I played house a lot when I was a child. We had a square back porch just big enough to serve as the kitchen. Two patches of earth on either side served as the living quarters. The grass was worn away from the pounding of our feet making it easier for me to “sweep.” I gathered dark, black berries and leaves from the edge of the yard—most likely full of poison—that made the best dinner my seven-year-old mind could imagine.
Most days, the role of my husband was played by my tow-headed neighbor. If he didn’t feel domestic, I got to dream one up. I can’t remember exactly who I conjured up while stirring my black berries in the water I collected from the pump house spigot. If I had to guess, he probably had the resourcefulness of MacGyver, the wit of The Great American Hero, the kindness of Charles Wilder, with the good looks of Gilbert Blythe. (Hey, a girl can dream!)
Those days in my backyard “home” were the fledgling dreams of what my adult life would look like—days of keeping house, gathering and cooking, and enjoying dinners of poisonous berry soup with the man of my dreams.
My dream for marriage and family life became loftier as my view expanded beyond my backyard. Movies began to plant the ideas of romance in my head. Now my man not only needed to be a whiz with duct tape, he also had to be able to lift me over his head as we danced to “I’ve Had the Time of My Life.” Christian romance novels about pioneer men who also loved Jesus left me with visions of a godly man who read his Bible by the fire after a hard day behind the plow.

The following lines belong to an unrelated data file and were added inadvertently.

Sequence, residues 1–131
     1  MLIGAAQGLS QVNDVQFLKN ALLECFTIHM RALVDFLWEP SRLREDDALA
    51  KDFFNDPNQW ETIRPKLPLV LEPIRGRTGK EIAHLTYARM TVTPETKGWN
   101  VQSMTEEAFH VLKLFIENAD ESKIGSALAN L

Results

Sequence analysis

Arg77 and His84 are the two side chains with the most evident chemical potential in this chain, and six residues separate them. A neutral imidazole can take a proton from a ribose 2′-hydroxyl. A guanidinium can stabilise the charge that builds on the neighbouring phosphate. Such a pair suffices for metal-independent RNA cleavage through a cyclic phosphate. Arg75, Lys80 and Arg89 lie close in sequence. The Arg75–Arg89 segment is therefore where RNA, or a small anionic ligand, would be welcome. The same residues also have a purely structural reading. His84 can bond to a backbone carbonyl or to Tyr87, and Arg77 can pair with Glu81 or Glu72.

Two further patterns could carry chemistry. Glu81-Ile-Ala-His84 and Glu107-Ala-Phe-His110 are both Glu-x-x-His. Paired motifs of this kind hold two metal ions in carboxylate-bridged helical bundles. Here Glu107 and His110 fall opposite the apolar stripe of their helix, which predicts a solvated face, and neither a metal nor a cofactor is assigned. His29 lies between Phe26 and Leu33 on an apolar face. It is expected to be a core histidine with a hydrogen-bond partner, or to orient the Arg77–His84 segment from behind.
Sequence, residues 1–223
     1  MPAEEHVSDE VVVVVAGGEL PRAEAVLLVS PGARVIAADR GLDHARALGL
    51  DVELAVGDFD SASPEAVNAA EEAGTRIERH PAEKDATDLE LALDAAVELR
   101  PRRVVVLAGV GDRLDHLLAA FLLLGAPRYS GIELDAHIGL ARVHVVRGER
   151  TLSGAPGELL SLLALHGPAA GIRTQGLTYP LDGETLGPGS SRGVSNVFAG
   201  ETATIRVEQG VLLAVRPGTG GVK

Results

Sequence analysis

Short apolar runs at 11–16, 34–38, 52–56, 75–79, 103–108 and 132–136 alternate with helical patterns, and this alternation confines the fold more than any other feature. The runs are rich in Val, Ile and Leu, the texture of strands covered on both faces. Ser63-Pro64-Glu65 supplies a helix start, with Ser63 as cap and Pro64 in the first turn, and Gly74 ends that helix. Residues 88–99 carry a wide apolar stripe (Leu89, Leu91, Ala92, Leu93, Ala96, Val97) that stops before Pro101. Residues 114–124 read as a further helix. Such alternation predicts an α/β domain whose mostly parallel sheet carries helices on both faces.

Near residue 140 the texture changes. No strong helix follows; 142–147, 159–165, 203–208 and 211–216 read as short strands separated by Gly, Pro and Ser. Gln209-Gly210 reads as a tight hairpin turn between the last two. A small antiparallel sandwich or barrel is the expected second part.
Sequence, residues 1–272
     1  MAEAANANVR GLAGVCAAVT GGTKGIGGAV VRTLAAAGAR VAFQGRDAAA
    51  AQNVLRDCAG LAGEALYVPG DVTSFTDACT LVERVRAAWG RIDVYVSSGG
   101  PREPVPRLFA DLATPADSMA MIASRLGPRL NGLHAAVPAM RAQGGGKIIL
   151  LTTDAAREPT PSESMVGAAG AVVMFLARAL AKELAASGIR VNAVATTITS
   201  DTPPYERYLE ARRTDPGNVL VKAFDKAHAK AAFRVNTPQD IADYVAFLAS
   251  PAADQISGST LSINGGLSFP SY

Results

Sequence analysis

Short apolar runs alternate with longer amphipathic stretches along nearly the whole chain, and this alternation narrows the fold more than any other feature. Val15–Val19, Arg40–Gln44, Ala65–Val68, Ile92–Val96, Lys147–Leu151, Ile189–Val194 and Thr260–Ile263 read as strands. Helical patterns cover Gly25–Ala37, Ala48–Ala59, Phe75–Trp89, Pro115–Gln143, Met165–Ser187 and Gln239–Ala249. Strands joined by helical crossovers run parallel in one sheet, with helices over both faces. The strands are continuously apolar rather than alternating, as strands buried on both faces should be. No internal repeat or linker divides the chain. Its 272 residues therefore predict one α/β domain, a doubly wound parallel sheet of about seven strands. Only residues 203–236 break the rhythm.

Suffice it to say, the twenty years of dreaming about married life meant I walked down the aisle with so many expectations for my husband (heaven help my poor husband if we had married in my late twenties). I married a good man. He is cute, he loves Jesus, and he can tape pediatric ventilator tubing with MacGyver-like proficiency.
Still, real married life looks different than my back porch games. It isn’t like the movie or book plots. Marriage is raw, emotional, and doesn’t always lead to a happy ending.
The gap between my dreamy expectations and my reality invite discontent.
Instead of enjoying the beauty of my reality, I fed the discontent by watching the marriages around us. They seemed to live the dream. Imagining a different kind of life left me a most unhappy wife.
Here’s the thing about dreams: they are a great way to cast a vision for the future, but if we use those dreams to define a “good life” we may never find contentment. There comes a point when we have to look at our spouse and appreciate all the ways they make our dreams come true instead of pointing out their shortcomings.
God really did make all of my dreams for marriage come true.
- Eighteen years later, he is still a cutie.
- He works hard so I can stay home and care for my family (minus the poisonous berries).
- He loves Jesus and guides our family to love Him, too.
- He likes to spend time with me (and has never once tried to lift me over his head for which I am so grateful).
- We are raising some pretty awesome kids together.
When I release my childish dreams and enjoy my marriage as the gift it is, I see God really did give me the man of my dreams!
How does the gap between your dreams and your reality shape your perception of life? Maybe disappointment casts a heavy shadow over some of the good. It’s worth the effort to take a second look and see how you might be living the dream.
#FridayFive Link Up
Let’s talk dreams. Share your dreams for the future, ways you are working toward your dreams, dreams come true, or even what you’ve learned when your dreams aren’t realized. You can comment or use the link up button below.
Next week is all about the bucket lists! Hope to see you next Friday!